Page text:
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I can suggest that the built in Microsoft reporting framework works adequately. You can do local reports or MS SQL server based reports. There is a client control that displays reports and can export to formats such as pdf and Excel. Visual Studio can handle report design for the stack.

As far as if it is better than Crystal Reports, I'd say check it out and see if you like it any better or worse. I've worked with the Microsoft Report Viewer more than Crystal Reports but both seem to be fairly similar. Offhand, Crystal Reports seems to be a more advanced reporting tool but more complicated.

I'm not sure about how to utilize the Microsoft Report Viewer infrastructure outside of Visual Studio. If you are using Visual Studio it should all be available in there and you can follow the online help instructions for deploying the pieces for your servers to your servers.

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I have used ActiveReports from DataDynamics and Crystal Reports. Of these two, I would recommend ActiveReports above Crystal based on ease of use and, more importantly, future maintenance.

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I agree, having used both I would say that ActiveReports is a superior product. –  Paul Batum Sep 22 '08 at 18:00

We use Crystal in our shop too. We are currently on 8.5, which is way old and is no longer supported by SAP. We tried to upgrade to CRXI recently, which involved an entirely new API. We had to shelf the effort due to other priorities. While working on the upgrade I found support for CRXI on a number of forums. Google it.

I believe you can find a cheap way to generate PDFs without using Crystal. I believe Adobe gives the creation part away for free. I would visit their site and look into it.

I would recommend staying with Crystal only if you had a lot of reports that were already using that technology.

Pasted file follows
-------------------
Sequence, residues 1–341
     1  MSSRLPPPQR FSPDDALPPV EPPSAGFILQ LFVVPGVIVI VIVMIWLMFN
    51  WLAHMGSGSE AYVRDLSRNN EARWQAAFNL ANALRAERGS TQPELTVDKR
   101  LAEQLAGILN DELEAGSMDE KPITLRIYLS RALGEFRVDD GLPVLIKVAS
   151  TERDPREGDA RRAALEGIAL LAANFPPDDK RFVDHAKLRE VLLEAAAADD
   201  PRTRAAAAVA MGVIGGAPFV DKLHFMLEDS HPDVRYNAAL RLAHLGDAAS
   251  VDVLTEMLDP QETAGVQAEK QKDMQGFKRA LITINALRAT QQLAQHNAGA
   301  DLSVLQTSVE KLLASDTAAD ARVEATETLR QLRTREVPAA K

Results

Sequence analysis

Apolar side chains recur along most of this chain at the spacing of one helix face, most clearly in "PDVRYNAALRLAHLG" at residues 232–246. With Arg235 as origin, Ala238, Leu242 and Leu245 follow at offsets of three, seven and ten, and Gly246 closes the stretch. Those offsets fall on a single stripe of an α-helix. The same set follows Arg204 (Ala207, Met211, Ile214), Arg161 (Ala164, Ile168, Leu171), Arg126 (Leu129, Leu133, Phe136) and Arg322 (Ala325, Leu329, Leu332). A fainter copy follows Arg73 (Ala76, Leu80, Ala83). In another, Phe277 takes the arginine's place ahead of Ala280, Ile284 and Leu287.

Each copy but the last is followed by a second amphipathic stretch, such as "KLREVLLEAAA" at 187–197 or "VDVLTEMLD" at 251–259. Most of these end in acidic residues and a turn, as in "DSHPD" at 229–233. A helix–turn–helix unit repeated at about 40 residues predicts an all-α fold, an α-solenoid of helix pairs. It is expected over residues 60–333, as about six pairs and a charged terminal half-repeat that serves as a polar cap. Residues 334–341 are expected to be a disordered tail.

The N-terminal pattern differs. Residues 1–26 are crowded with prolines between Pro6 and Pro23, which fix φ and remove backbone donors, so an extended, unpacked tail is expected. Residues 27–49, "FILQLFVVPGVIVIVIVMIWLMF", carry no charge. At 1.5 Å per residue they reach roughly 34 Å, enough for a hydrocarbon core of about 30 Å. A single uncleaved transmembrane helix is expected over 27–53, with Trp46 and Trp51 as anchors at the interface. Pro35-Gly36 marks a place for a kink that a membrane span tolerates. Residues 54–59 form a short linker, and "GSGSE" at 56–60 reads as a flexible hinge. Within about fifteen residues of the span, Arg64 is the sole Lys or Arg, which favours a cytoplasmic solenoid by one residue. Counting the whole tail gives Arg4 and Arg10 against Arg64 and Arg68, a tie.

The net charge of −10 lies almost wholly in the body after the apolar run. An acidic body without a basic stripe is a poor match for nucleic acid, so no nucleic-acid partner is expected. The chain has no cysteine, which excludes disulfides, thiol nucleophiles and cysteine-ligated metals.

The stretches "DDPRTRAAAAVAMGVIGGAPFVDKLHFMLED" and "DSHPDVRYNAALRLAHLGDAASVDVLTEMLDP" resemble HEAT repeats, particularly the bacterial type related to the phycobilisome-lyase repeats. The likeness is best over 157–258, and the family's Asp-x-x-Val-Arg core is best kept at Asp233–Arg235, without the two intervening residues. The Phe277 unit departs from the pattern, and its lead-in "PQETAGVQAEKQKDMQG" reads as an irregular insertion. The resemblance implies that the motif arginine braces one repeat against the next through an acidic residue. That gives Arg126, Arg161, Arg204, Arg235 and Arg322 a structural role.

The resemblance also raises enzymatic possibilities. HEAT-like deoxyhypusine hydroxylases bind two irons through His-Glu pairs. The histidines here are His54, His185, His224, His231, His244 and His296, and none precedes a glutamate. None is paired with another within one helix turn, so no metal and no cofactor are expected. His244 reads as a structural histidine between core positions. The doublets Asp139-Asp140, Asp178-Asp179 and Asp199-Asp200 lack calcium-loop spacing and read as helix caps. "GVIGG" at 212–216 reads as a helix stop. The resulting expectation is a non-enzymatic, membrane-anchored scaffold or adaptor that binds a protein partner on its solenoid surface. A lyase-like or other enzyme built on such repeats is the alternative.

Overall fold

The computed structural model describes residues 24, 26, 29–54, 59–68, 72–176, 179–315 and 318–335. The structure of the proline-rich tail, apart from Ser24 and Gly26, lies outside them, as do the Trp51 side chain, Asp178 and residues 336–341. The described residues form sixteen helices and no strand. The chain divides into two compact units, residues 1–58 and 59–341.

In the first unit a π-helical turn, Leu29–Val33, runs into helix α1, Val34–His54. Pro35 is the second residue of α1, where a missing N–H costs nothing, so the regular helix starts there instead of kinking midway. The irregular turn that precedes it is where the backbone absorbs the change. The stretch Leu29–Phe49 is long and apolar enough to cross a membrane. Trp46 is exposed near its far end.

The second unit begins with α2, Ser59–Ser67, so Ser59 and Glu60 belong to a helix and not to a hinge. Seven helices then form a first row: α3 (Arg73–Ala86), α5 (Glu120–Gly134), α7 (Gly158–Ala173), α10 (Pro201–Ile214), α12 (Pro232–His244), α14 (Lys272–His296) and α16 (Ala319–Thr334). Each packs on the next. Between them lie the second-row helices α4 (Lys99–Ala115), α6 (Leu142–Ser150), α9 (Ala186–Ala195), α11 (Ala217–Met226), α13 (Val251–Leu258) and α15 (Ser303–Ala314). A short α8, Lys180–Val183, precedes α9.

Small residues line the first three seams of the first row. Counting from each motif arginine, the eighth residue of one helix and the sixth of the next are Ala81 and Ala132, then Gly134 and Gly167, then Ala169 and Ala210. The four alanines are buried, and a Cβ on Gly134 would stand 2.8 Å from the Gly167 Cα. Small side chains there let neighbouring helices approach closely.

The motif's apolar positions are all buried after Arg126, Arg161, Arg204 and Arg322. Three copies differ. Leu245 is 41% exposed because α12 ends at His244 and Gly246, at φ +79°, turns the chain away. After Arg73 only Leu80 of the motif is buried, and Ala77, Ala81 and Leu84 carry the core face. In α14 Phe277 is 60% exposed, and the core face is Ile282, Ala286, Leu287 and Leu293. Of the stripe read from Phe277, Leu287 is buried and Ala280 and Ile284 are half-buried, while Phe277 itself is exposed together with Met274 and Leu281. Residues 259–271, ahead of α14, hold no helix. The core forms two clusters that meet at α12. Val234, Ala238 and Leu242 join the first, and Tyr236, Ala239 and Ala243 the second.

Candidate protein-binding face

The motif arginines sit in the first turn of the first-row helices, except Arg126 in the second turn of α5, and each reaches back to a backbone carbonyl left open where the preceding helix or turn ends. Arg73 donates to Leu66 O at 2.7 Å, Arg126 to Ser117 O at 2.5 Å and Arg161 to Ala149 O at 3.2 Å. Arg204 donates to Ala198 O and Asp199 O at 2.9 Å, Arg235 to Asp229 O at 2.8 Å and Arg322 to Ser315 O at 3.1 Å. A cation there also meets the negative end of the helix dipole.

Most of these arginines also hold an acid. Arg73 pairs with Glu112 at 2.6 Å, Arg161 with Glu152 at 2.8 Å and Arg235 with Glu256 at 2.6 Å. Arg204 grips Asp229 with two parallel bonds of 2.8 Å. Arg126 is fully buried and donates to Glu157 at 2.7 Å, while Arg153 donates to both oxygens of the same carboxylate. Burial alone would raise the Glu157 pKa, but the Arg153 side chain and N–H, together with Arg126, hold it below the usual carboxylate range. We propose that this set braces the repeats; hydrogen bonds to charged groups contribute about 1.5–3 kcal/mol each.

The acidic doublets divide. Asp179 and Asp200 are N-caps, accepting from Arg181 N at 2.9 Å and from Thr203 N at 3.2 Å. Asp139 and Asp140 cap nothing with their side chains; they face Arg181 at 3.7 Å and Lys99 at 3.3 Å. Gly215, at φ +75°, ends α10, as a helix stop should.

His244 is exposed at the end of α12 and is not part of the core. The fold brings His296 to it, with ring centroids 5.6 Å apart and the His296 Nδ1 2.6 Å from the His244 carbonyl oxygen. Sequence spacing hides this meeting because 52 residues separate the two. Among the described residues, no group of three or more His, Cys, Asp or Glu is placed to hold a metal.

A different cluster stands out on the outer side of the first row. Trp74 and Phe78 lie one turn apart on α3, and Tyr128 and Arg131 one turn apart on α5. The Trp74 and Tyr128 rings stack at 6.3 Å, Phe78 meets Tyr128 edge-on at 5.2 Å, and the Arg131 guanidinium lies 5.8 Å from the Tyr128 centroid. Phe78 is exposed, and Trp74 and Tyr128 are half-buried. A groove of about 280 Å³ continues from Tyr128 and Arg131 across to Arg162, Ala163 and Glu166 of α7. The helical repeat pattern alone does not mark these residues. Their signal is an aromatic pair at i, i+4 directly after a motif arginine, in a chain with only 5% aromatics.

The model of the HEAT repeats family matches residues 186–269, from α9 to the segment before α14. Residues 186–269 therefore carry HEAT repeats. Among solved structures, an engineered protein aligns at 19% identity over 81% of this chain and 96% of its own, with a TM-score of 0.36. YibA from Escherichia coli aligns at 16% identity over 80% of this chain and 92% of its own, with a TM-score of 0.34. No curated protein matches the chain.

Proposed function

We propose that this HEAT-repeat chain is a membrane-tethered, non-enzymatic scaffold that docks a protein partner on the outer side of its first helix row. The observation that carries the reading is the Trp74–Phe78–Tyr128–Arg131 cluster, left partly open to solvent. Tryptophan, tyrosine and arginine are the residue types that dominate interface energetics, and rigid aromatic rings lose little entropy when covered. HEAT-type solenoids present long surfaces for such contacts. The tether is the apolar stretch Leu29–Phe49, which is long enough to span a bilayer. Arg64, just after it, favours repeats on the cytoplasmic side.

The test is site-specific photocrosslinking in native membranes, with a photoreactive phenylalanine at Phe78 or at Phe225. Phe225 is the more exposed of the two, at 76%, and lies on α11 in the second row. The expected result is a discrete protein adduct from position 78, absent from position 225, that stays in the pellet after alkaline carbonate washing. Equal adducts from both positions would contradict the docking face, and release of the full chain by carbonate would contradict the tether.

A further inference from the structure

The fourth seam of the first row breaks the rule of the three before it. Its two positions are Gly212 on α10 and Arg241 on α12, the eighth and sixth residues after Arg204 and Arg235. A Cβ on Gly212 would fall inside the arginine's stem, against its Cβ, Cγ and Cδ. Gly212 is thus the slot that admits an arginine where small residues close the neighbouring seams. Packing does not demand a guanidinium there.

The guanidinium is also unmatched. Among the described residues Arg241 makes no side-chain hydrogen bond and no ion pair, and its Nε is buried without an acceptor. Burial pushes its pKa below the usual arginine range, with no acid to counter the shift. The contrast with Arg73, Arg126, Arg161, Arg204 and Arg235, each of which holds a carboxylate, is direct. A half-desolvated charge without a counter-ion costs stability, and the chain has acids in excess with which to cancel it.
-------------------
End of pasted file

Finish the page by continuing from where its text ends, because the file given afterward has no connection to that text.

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Get out of Crystal Reports. They are poor.

Check out SQL Reporting Services. It works very well with .NET. Try it out. There is a learning curve, but when is there not?

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IMO, you should consider other criteria as well such as:

  • Cost of the software
  • Integration with your .NET applications
  • API and Programmatic flexibility (All said and done, there are always the "customizations" and tailoring. For such scenarios , developers eventually fall back on programmatic solutions vs. out of box

Now, in my experience (having used both Crystal Reports and SSRS(2005/2008) , though Crystal Reports does come with a friendly set of API, it fails in many basic criteria and developers end fighting the software. This is I say based on my experience with SSRS where developers are far more comfortable with. For starters, it uses XML extensively and the provision to use custom code assemblies does not harm either.

--I think you would where I am getting at---

"Consider & Evaluate SSRS*. If you are hesitant at first, then do a Proof of Concept and test your requirements. I have a feeling you will be pleased with what you see

  1. especially considering your requirement of using PDF format.
  2. Developers, especially , MSFT specialists will thank you
  3. Leverage the Programmatic rendering of the reports (though it sounds fancy , trust me , its not more than handling an API call

For e.g.: public Byte[] Render ( string Report, string Format, string HistoryID, string DeviceInfo, [Namespace].ParameterValue[] Parameters, [Namespace].DataSourceCredentials[] Credentials, string ShowHideToggle, out string Encoding, out string MimeType, out [Namespace].ParameterValue[] ParametersUsed, out [Namespace].Warning[] Warnings out string[] StreamIds); Member of [Namespace].ReportingService )

--- where Format will be "PDF"

Hope you find this relevant